Too big, too complicated, too expensive — all problems in Mike Sterner’s current home, and exactly what he’d like to correct in the new house he’s planning in northern Wisconsin.
Writing in a Q&A post, Sterner lays out his basic plan for a “pretty good house that finds that happy place between great energy efficiency and economy.”
The site is vacant farmland with a south-facing slope. Sterner’s woodlot has lots of pine and oak he intends to mill for use in his new house.
“I would prefer to stay away from anything too ‘techy’ and have a fairly simple approach to the build,” Sterner says. “It is also my preference that we use materials that are earth and human friendly, with a proven track record. We’re looking at a simple saltbox farmhouse with a single gable, a big covered porch on the east and south, and a shed roof on the back as a rear entry.”
The second floor will have a shed dormer, although Sterner is open to the suggestion of building a full second story it it would be a “vastly better approach” for ventilation and insulation.
His current stumbling block is choosing a construction method for the building envelope.
“I go back and forth between 2×6 framing with a 4-inch rigid foam wrap and a double-stud wall with blown cellulose in both cases,” Sterner says. “I don’t really want to use rigid foam because it is kind of nasty and a hassle to install siding over, but at the same time I am concerned about the double-stud wall cold sheathing and moisture problems. The double-stud wall seems to have questions to me, based on the articles I am reading here.”
He also wonders whether a house insulated to this degree would be able to handle a wood stove or masonry heater. He is considering radiant-floor tubing as a heat backup but would like to do most of the heating with wood.
Story-and-a-half designs are problematic
GBA senior editor Martin Holladay is no fan of 1 1/2-story homes, Cape-style homes, or homes with dormers. They tend to have complicated envelopes that are hard to insulate and air seal properly.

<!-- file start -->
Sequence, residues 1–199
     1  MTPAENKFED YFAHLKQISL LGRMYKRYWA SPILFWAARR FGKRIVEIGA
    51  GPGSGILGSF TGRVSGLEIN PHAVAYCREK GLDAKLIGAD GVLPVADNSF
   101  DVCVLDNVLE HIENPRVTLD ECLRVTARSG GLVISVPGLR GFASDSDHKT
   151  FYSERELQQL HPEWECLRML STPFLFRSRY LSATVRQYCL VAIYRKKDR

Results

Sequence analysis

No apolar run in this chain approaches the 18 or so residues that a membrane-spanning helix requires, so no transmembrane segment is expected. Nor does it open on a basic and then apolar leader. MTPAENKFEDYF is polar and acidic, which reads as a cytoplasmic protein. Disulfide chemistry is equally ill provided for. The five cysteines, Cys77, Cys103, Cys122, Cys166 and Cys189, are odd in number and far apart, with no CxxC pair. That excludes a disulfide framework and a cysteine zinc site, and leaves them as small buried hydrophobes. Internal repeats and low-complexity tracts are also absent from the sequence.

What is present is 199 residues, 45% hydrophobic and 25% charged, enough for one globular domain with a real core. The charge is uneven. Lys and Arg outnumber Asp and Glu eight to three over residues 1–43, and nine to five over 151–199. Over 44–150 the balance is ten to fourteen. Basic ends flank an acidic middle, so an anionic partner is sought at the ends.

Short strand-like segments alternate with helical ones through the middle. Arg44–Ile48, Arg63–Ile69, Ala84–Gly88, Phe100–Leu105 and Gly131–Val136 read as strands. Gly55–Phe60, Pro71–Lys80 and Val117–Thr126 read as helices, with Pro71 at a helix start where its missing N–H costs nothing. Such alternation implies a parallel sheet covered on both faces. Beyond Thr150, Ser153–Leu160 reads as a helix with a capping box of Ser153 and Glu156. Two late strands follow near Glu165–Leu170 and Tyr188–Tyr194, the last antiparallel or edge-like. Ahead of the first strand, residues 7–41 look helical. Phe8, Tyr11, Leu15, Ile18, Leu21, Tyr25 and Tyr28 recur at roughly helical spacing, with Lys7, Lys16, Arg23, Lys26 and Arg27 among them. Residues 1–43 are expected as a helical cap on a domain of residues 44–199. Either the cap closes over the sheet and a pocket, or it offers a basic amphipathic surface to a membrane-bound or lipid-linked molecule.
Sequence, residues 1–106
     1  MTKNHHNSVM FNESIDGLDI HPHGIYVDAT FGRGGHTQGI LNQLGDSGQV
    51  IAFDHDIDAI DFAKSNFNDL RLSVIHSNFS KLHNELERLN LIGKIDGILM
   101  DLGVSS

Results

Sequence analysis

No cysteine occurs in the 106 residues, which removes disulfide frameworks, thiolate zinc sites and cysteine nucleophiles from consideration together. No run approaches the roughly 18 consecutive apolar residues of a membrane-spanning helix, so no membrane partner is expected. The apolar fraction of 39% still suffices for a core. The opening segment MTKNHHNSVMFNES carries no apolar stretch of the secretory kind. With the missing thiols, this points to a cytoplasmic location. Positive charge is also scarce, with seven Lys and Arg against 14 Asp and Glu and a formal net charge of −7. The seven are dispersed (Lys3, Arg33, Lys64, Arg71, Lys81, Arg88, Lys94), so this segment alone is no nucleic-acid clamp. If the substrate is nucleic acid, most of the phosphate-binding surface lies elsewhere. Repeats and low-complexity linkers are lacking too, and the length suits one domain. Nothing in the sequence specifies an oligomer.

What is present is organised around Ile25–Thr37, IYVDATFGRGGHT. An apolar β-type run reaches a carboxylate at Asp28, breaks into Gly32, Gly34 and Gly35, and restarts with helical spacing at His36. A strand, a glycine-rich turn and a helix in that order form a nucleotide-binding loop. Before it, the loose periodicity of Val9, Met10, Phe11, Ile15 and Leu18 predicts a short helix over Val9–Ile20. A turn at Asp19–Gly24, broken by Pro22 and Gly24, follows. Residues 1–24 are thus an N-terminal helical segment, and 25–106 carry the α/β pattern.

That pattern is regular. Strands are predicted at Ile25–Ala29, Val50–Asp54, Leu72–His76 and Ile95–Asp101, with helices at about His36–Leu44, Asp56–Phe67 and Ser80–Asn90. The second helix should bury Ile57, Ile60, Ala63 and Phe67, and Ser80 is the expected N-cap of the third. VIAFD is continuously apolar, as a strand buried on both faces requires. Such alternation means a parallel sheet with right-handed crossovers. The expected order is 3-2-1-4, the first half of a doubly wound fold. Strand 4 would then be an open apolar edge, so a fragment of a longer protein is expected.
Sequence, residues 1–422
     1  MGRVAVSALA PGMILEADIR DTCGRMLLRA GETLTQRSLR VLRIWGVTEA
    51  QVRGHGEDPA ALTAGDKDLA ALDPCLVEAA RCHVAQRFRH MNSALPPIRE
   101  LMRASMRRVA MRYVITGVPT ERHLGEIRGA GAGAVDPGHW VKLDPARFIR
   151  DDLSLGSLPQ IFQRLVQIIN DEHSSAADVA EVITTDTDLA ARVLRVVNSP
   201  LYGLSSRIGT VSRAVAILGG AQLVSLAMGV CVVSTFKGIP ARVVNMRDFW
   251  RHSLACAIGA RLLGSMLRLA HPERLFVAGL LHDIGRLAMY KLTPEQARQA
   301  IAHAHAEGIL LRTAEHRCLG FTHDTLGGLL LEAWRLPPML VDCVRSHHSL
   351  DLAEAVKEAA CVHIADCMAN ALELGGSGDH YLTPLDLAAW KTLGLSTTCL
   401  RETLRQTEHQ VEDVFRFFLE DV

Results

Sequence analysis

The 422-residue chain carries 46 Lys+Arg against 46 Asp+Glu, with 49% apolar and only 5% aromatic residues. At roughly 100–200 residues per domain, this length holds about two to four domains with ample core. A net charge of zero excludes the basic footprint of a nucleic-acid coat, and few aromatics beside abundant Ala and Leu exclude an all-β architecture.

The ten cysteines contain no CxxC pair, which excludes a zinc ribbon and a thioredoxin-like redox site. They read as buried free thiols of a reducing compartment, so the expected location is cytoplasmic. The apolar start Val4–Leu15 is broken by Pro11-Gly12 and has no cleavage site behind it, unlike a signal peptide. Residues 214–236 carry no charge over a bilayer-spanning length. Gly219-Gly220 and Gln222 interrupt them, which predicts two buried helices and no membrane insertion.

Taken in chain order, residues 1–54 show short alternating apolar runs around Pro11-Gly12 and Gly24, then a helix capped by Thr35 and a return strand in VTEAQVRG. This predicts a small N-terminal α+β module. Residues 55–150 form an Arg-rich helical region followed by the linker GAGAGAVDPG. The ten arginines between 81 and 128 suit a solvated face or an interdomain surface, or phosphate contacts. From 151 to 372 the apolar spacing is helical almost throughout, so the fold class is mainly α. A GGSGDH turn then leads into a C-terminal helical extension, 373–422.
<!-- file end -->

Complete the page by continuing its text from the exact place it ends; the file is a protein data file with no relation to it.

“If you want to live on two floors,” he tells Sterner, “build two floors. Then put a roof over the second floor.”
Steve Knapp, in the process of downsizing from 3,200 square feet to 1,500 square feet, would go even further: Forget the second floor altogether.
“We found that [multistory] levels end up segregating living areas into smaller and more isolated sections,” Knapp writes. “Putting needed spaces on multiple levels just makes the overall structure feel smaller if you don’t have much of a footprint to start with. Stairs also eat up a lot of real estate and drive up costs.”
Knapp also challenges Sterner’s choice of a full basement foundation. Although a basement is often called “free space,” he says, “there is nothing free about it.” It’s a challenge to create dry, finished, and comfortable space below grade.
The basement, Sterner replies, will be a walk-out, providing space for both a root cellar and a television where he can watch football. “A basement gives us a place for these things and utilities/mechanicals,” he says. “In my area, the basement is about double [the cost of] the slab, but for the square feet it seems very worth it to us.”
Choosing exterior wall design
As to the choice between 2×6 construction with a layer of foam and a double-stud wall, Sterner should rest easy. Either will work, Holladay tells him.
The decision, he adds, might come down to whether there is a well-regarded insulation contractor nearby who has experience installing dense-packed cellulose, and whether there is a local source for inexpensive, reclaimed rigid foam. If no experienced contractor is available, Holladay might be steered away from the double-stud wall approach.
According to Tim Rudolph, if building a house with materials that are “earth and human friendly” is a priority, then double-stud walls might be a better fit. Rudolph adds that too much insulation should not be a concern. “I built a straw-bale house with R-60 attic insulation,” he says. “One winter storm knocked out the power for three days, and we were still comfortable with the inside temperature between 65 and 70 degrees without power.”
Brian P., who says he built a home in New Hampshire a few years ago, “wouldn’t stress” about using the double-stud wall approach.
“It seems like if you follow best practices for either double-stud or exterior foam/Roxul, the wall system will work out,” he says. “It then comes down to cost and which system will be easiest for you to build.”
If Sterner does choose a double-stud wall, Brendan Albano adds, he might consider putting an air barrier and vapor retarder in the middle of the wall. “In many ways, it ends up being a lot like the wall with exterior foam,” he says, “where there is a barrier in the middle of the wall that is always warm, so condensation issues are avoided.”